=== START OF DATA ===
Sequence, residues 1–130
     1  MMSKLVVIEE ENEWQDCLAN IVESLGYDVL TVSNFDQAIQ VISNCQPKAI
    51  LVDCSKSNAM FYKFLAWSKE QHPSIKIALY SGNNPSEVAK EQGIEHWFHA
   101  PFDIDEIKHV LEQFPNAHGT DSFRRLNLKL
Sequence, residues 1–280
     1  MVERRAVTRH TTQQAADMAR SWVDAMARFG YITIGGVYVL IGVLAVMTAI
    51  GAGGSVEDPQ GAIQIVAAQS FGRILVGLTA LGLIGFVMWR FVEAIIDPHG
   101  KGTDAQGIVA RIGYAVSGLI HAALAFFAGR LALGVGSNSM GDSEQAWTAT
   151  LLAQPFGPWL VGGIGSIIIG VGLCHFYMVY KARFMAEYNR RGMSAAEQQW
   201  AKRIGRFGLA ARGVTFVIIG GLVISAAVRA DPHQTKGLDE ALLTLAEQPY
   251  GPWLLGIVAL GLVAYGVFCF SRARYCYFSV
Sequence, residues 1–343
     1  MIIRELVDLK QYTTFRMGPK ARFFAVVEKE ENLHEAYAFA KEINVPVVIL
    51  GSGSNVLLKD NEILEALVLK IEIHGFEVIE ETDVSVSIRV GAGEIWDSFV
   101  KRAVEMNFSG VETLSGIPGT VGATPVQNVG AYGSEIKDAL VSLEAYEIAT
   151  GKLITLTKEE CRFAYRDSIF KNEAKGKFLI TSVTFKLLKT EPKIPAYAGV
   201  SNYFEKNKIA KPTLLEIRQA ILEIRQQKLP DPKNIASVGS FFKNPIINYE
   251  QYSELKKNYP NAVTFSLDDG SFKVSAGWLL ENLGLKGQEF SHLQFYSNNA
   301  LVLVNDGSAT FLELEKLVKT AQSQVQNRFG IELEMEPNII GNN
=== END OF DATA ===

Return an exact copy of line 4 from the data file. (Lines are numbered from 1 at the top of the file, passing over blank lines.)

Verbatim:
   101  PFDIDEIKHV LEQFPNAHGT DSFRRLNLKL